Editor’s note: You can listen to my conversation with Mike Zwingman and Keith Byerly on YouTube at the bottom of this article.
Nitrogen and water are two of the biggest line items when it comes to raising corn in Nebraska. Recently, Central Valley Ag has brought together a diverse group of growers from Nebraska and Iowa as a nitrogen and water management advisory group. The goal is to help drive the nitrogen and water discussion forward at the grower level, says Mike Zwingman, CVA’s manager of agronomy research and development.
The goal is to “really help fine-tune the programs we make around nitrogen and water management going forward, make them more grower-centric, make them make more sense to the grower, so we can get quicker adoption and quicker use of these tools that are available to us today and, hopefully, move them down the road of increasing their efficiency, increasing their profitability and really telling a story about how they're working to improve their operations every day," Zwingman says.
This involves bringing growers together for discussion. At the group's first meeting held earlier this month, growers discussed their specific situation and nitrogen management practices — from applying all of their nitrogen through the pivot to applying variable-rate anhydrous in spring and split-applying through a sidedress machine later on in the growing season.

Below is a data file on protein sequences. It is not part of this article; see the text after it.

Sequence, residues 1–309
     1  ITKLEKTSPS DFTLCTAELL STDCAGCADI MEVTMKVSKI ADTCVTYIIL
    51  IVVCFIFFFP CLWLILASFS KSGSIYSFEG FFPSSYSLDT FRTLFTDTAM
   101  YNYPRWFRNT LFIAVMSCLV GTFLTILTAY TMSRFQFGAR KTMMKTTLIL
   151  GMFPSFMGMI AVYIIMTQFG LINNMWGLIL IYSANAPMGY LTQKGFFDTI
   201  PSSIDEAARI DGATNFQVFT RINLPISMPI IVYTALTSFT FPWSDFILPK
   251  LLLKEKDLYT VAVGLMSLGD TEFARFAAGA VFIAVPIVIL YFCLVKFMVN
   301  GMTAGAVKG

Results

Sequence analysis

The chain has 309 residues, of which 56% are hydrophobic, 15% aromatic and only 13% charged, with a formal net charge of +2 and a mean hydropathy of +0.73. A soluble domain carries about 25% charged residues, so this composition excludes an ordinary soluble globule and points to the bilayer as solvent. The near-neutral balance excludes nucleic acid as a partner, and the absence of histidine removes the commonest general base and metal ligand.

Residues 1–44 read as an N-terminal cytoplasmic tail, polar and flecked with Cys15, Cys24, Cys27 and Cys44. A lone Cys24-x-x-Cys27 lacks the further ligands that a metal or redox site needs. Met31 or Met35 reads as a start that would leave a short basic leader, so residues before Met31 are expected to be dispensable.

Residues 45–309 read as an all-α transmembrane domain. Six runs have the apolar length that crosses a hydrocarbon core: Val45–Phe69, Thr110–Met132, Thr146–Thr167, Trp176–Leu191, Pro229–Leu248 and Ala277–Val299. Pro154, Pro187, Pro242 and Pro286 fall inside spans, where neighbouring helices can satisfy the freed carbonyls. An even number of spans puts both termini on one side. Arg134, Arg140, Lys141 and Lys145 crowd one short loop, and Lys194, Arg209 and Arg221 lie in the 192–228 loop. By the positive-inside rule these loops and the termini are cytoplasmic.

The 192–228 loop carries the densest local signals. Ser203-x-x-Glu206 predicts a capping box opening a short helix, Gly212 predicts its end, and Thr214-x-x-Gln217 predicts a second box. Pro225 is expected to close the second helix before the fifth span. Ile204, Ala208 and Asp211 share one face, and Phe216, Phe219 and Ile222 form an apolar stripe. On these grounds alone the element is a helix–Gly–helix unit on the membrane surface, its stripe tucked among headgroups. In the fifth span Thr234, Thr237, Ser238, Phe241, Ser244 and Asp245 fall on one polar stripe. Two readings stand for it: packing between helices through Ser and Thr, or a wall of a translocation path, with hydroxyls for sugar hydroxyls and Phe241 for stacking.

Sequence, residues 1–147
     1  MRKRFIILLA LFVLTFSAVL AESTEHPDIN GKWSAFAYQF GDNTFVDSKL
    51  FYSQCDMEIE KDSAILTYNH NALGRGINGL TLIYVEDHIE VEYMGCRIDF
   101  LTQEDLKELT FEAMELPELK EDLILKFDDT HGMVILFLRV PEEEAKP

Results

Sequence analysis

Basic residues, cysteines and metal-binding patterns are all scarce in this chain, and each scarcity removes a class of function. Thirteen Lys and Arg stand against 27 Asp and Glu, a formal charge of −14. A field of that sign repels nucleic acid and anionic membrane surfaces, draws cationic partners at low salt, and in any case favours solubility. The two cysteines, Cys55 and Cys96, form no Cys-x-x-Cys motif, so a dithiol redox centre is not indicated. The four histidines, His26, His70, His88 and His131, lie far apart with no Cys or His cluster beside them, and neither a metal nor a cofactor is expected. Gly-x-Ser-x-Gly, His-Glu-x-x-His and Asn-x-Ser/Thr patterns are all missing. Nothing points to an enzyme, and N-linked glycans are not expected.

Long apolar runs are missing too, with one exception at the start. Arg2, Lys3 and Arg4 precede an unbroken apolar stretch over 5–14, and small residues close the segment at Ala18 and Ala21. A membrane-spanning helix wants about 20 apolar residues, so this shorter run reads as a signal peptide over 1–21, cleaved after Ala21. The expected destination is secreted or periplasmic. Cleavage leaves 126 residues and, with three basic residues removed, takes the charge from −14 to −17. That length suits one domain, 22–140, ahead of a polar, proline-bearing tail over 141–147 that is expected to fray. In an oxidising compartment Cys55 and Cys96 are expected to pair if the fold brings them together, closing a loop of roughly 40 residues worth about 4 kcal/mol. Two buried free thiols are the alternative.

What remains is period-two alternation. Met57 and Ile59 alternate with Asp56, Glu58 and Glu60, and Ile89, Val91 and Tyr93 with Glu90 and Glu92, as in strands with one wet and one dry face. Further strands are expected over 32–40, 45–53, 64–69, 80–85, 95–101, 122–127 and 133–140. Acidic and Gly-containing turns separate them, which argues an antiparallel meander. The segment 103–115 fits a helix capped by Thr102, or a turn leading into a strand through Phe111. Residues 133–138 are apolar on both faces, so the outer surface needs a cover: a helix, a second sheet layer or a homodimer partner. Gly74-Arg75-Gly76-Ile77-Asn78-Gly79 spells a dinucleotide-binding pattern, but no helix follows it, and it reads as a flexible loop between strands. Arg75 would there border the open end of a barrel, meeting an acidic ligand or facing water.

Growers also discussed their confidence levels in using different tools to increase efficiency, including modeling tools, the Pre-sidedress Nitrate Test (PSNT), stalk nitrate test, and normalized difference vegetation index (NDVI) imagery.
Keith Byerly, Advanced Cropping Systems manager at CVA, notes confidence levels on these tools vary, and many growers still put most of their confidence in their gut feeling. "Things aren't necessarily tied to the simplicity or the technological advancements that go along with it," Byerly says. "It all circles back to that gut feeling. Does it make sense and can I quantify and can I measure it from a success standpoint so I know if it was worth my time?"
And regardless of what tools the grower is confident in implementing, the original plan or the original recommendation sets the foundation for any adjustments that need to be made later on.
"That original plan is really the offensive coordinator, the head coach putting together that game plan for the game, and what we think things are going to look like taking our best ideas from studying the history, and going forward," says Byerly. "All those other pieces are the things that are in the quarterback's hands. They're the audible plays that you've got to be smart enough to identify when you're out there in the heat of the action and knowing which audible to call for a high level of success."
Learn more about the nitrogen and water management advisory group by viewing the video below and by reading upcoming Nebraska Farmer articles.